Hannah Reads: Marie Antoinette

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From Hannah, our resident ten-year-old:

Personally, I do not keep a diary, but I have always wanted to do that. I’ve tried before, but I couldn’t keep up with it. My days are often the same old routine, so it turns into writing the same thing over and over again. Also, what I do doesn’t seem that interesting to me–can you imagine if I wrote down the step-by-step way I unload the dishwasher? BORING!

However, I do enjoy reading other people’s diaries in books. You can come to understand their feelings, even if they are really a stinker! That happens a lot in books, that someone seems like a stinker, but then you understand their feelings and then you can start to take their side.

For example, lots of people think that Marie Antoinette was mean to her subjects and cared only for pleasure. However, Marie Antoinette: Princess of Versailles gives a whole different look at her character and personality. The book is fiction, but written as if it was Marie Antoinette’s diary. I think the author did that so readers might change their minds about Marie Antoinette.

I, for one, sympathized with Marie Antoinette from early on in the book. She had almost no friends in her life, and her mother was busy being an empress rather than taking the time to get to know her children. So I felt bad for her because that seems like a dreadful life. She was also forced to marry a French guy she didn’t know!  And he was fat! She was very disappointed when she saw him. If she had gotten to know him first, she might have come to like him in spite of his fatness and the fact that he did not even know how to make a snowball, if you can imagine that!  Personally, I would rather marry someone who knows how to make snowballs even if he is fat, because I would like to have snowball fights be a part of my life! Or, if I live where there is no snow, perhaps sock ball fights!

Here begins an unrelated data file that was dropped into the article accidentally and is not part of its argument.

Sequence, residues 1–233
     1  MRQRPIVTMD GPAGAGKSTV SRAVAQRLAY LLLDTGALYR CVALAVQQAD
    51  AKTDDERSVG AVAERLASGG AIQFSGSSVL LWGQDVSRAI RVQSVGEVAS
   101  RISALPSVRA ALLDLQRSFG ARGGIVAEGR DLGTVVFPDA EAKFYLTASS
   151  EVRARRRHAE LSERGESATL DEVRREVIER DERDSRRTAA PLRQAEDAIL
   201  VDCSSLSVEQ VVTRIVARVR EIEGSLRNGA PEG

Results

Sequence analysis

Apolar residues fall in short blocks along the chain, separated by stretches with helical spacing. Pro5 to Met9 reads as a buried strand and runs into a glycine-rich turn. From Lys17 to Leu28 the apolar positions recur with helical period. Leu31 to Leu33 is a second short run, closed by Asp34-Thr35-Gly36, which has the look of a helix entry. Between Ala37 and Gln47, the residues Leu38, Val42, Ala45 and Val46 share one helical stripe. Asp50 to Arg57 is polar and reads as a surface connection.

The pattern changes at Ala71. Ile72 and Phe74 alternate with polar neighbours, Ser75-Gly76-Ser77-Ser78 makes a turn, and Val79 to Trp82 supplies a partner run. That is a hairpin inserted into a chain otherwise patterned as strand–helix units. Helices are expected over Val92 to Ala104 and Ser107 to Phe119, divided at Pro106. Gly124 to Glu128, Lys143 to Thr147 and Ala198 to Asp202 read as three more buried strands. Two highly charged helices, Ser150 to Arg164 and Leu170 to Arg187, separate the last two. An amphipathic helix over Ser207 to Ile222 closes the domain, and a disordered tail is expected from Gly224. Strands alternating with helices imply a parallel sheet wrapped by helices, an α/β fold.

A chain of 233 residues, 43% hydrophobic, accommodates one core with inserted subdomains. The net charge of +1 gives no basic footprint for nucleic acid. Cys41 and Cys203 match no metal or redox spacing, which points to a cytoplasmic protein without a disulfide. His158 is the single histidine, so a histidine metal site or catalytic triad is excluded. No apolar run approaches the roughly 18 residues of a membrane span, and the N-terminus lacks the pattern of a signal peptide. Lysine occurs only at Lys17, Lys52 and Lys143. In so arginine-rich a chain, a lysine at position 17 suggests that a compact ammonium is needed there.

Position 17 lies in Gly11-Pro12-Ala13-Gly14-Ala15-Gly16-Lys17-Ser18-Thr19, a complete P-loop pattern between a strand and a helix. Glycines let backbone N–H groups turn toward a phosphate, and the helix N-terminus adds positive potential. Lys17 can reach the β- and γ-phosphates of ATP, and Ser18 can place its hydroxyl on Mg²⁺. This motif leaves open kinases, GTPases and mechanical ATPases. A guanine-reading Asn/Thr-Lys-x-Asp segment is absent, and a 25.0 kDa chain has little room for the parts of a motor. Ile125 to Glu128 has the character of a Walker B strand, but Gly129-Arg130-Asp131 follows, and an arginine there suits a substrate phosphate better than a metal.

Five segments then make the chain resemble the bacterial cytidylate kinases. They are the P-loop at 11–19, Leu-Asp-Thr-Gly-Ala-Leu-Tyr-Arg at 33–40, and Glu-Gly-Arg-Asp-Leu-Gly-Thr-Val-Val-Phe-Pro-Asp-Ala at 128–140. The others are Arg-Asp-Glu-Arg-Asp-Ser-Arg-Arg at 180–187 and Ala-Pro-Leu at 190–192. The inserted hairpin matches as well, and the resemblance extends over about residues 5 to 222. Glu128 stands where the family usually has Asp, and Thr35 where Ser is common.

Marie Antoinette: Princess of Versailles is a fascinating book to read, full of interesting facts about French etiquette, not to mention details about fine dresses. If you like historical fiction, I would recommend it.

Hannah’s questions for kids (and adults):

  • Have you ever wanted to be part of a royal family?
  • Do you keep a diary?
  • Would you let other people read your diary?

 

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2 thoughts on “Hannah Reads: Marie Antoinette

  1. I loved this review Hannah! I love the idea of sock ball fights. It might cheer up my six year old who was very disappointed that we hardly had any snow this winter! In answer to your questions, my blog is my diary now and I suppose anyone who wants to can read it. I used to keep diaries when I was a girl, but I wouldn’t have let anyone read those. The difference is that now I write about what I do, but then I used to write about what I thought. Some things we need to keep more private than others. I am enjoying your book reviews and look forward to reading more of them.

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